Kennedy students were impressed with her work. While Nancy may not be an experienced author, her youth is what worked for them.
"When a kid writes it, they have a direct connection," eighth-grader Safa Dadan said. "They know what it's like to be a kid."
Sixth-grader Alec Dickson agreed.
"She's a kid," he said. "She knows what gets us interested. So she can relate to us and get us hooked to it."
A handful of students that met Nancy already are working on books of their own. Her success is an inspiration to them, they said.
"I really like that she wrote it based on a dream, because that's kind of what I've been doing," Dadan said. "I can relate to that, and it's nice to know that, when you write about a dream, you can finish the story instead of abandoning it."
Contact Tim Waldorf at email@example.com or 630-416-5270.
A young writer - age 13! - turns a vivid dream about warring woodland birds into a bestselling book that delivers a message of peace
St. Petersburg Times
A career takes flight
A young writer - age 13! - turns a vivid dream about warring woodland birds into a bestselling book that delivers a message of peace.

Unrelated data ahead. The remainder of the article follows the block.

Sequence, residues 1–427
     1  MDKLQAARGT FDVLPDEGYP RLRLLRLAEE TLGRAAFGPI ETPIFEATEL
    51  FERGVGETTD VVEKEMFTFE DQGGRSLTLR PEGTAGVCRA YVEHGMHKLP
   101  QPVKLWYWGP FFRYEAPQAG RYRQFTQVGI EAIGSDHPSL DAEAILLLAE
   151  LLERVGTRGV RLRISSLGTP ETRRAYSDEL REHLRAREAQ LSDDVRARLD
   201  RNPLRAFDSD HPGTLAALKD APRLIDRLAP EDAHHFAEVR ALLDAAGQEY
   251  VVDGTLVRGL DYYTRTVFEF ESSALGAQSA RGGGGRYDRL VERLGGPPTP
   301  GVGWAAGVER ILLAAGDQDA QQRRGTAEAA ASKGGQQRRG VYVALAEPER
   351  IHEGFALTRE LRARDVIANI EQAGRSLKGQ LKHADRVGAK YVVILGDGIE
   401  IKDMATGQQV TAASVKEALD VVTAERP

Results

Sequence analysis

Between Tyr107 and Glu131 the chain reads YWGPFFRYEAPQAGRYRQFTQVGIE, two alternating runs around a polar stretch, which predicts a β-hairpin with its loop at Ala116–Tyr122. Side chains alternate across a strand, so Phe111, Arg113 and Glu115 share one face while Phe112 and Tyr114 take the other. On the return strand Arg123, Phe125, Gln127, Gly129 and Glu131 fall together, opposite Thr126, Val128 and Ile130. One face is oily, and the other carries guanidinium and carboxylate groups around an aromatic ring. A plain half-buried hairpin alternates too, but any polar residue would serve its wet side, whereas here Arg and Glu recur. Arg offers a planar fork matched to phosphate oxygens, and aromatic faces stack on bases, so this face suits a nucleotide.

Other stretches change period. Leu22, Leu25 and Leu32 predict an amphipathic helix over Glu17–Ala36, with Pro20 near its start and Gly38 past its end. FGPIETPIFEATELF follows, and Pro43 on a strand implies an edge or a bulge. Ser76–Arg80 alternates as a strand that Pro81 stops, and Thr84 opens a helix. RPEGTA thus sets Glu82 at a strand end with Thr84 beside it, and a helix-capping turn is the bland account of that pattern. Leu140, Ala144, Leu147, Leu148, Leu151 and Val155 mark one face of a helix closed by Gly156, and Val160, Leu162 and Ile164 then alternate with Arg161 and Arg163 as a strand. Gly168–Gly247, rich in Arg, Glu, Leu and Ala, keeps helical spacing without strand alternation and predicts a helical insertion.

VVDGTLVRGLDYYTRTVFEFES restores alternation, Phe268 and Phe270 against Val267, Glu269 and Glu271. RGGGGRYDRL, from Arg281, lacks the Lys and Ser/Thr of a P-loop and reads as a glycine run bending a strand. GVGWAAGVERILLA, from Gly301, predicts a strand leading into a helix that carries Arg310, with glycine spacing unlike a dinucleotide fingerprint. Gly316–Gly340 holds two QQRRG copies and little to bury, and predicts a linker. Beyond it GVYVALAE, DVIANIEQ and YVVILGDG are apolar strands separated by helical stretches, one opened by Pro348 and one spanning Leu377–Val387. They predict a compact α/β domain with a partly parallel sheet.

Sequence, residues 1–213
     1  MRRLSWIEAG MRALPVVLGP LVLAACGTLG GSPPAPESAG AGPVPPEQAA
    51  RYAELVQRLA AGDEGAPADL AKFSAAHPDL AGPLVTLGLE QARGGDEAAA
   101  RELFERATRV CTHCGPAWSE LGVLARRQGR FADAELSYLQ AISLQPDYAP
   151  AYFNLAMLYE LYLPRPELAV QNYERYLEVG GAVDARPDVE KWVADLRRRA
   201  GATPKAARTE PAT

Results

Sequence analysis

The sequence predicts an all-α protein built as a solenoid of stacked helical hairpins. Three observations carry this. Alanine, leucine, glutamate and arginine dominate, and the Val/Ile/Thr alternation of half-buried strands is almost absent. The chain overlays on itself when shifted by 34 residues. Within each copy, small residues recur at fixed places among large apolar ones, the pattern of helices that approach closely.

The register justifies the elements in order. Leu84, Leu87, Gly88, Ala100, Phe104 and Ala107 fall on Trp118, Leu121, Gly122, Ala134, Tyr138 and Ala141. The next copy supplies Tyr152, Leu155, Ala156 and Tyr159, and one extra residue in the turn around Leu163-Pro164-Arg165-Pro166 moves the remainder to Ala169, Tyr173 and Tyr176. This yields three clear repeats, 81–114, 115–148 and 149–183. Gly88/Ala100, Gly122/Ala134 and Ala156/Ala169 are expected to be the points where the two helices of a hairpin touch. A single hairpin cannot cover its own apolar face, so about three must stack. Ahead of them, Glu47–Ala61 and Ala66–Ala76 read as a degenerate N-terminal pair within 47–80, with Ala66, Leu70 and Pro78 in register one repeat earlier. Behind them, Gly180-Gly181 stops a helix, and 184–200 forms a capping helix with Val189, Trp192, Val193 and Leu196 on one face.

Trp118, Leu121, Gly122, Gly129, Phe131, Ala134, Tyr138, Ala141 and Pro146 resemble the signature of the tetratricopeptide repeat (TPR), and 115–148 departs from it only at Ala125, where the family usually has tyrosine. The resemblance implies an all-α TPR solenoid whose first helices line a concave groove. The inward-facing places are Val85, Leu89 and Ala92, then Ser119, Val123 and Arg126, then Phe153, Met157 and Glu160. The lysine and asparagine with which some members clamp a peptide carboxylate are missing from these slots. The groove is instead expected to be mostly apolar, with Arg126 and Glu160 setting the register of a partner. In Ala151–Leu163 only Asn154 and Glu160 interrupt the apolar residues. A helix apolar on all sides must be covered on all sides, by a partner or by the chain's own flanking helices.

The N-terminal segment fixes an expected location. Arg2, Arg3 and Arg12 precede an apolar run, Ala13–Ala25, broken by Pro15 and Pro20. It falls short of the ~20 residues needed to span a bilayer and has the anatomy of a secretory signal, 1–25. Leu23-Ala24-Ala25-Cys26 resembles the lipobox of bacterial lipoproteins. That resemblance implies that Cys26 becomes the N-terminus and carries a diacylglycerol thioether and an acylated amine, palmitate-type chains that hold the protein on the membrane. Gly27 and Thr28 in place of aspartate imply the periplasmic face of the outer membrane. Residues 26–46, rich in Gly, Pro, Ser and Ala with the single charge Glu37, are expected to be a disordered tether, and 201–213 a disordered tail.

By TAYLOR GLOGOWSKI Published on March 12, 2007
Just weeks after its January release, Nancy Yi Fan's new book, Swordbird, is perched in the Top 10 on the New York Times bestsellers list for children's chapter books.
It's unusual for a first-time author. But what makes it even more of an accomplishment is that Nancy is just 13 years old.
Nancy, an eighth-grader who lives in Gainesville with her parents and three parakeets, moved from China at age 7. She says she immediately fell in love with America and its culture. To improve her English, she began going to the library. Nancy calls the library her hero. "All the books, every one of them, is like a door to a new world," she said.